The Gleaner

Learning and laughter for local 4-H leaders

“It was fantastic! I loved it!” gushed Vicky Tremblay of Howick 4-H, a feeling shared by Huntingdon 4-H’s Melissa Nieuwenhof: “It was really engaging and stimulating!” The two volunteers drove together to Ottawa for the 2023 4-H Canada Leadership Summit held from April 28 to 30.

The pair joined about 160 delegates from across the country, including 4-H Quebec’s executive director, youth representative, and eleven fellow leaders from la belle province. Among those were two other volunteers with Valley roots: Gillian MacDougall, a former member of the Ormstown club, who was recently recognized as the provincial leader of the year for her efforts on behalf of Shawville 4-H; and Erin Scoble, who grew up in Howick 4-H before moving to the Eastern Townships where she now leads the Richmond 4-H club square dancing project.

“We had the most engaging public speaker, Benjamin Houltberg,” said Nieuwenhof, who continued that the developmental scientist and family therapist “was amazing talking about relationship culture,” and how important it is “to ensure that each child feels they’re being seen, heard, and understood” in order to create bonds that develop trust.


Two women wearing name tags stand in front of a log wall in a centre.
Erin Scoble now volunteering with the Richmond 4 H Club and Vicky Tremblay a leader with Howick 4 H were happily reunited in the nations capital where club delegates from across Canada and the United States assembled in April Tremblay says Fertile Creek was sure well represented PHOTO provided


The Huntingdon volunteer was equally impressed by the presentation of Fahd Alhattab, a founder of the leadership development agency Unicorn Labs. Coming from a background as an at-risk immigrant from a low-income family, Alhattab went on to raise more than one million dollars for charities, founded a camp for underprivileged youth, and was awarded Canada’s Top 20 Under 20 Award for his dedication to community. Nieuwenhof said he was an example of resilience, of “how one person can impact a community,” and she would like to see him invited to speak to students at Chateauguay Valley Regional High School.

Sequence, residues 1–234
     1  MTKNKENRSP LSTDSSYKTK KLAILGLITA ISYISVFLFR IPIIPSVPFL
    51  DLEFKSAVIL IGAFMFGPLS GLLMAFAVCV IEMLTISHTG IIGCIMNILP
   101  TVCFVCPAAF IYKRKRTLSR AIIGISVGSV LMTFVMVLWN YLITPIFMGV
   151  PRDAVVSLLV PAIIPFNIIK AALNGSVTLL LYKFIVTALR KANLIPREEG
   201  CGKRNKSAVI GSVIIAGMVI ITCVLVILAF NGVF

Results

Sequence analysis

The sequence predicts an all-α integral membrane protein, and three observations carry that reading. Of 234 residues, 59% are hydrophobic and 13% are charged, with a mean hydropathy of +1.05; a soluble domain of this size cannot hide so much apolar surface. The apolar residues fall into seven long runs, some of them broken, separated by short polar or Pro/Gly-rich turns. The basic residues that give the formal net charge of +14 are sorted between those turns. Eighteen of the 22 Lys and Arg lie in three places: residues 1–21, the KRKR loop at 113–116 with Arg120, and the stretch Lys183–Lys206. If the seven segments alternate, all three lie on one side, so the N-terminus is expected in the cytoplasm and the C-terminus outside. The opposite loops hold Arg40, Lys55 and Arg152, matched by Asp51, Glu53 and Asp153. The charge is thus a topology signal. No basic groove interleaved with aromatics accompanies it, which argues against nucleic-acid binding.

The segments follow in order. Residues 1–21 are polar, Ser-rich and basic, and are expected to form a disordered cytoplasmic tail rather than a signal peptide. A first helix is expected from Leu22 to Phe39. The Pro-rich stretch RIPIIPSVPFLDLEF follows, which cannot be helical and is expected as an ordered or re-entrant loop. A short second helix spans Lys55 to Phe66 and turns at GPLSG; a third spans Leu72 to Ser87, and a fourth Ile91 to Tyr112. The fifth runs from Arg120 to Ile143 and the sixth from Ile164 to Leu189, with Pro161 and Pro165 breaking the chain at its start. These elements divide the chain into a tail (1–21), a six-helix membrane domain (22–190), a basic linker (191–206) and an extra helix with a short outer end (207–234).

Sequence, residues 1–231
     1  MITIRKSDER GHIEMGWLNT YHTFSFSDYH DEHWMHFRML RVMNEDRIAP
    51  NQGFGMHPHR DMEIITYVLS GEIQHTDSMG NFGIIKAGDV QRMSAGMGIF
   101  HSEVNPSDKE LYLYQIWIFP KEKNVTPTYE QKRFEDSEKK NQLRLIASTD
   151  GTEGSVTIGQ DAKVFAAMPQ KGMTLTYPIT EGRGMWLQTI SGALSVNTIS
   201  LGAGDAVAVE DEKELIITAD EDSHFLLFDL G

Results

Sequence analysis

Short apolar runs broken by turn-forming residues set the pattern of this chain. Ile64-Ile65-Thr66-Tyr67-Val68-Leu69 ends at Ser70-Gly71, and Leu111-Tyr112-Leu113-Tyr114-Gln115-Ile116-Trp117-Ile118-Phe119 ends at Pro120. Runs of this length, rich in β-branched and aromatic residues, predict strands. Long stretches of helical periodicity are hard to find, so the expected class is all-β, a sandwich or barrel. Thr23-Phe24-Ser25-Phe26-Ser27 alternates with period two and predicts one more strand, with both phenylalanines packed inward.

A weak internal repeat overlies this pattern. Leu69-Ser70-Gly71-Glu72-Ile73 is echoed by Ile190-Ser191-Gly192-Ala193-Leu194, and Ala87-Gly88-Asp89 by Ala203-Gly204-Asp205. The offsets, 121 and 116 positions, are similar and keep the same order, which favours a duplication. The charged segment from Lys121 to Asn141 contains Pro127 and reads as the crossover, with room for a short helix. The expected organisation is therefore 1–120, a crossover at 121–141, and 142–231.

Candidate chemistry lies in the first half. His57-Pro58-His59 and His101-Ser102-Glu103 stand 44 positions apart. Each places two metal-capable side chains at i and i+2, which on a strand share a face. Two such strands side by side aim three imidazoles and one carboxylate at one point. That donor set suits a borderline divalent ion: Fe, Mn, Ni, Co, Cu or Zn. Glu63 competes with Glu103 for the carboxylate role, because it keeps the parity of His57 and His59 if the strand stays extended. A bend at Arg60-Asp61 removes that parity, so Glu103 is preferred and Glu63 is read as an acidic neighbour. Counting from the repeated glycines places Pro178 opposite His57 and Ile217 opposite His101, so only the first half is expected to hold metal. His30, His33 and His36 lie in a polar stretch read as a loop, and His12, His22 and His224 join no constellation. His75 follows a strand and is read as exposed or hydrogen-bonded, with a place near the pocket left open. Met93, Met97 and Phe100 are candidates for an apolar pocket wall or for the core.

Apart from the presentations, the informal networking was another highlight for Nieuwenhof who said, “We made friends for life.” The sentiment was echoed by Tremblay who spoke of the volunteers from Russell, Ontario: “We formed a really good bond, sharing club experiences. We were like a bunch of teenagers sending each other friend requests.” They’re hoping to get their clubs together in the future for an exchange. The Howick 4-H’er also described meeting “people from Terre-Neuve to B.C.” and the value of connecting with other leaders to discuss strengths and challenges and share solutions, noting that it is “so different, how they manage each club across the country.” She adds, “We have to realize that 4-H is more than cows and square dancing; the possibilities are endless.”

Tremblay was energized by “the pride of everyone wearing the clover” and “to hear how much people were laughing.” She went on to joke, “Even the rain was perfect, so I didn’t feel guilty about missing the farm work.”

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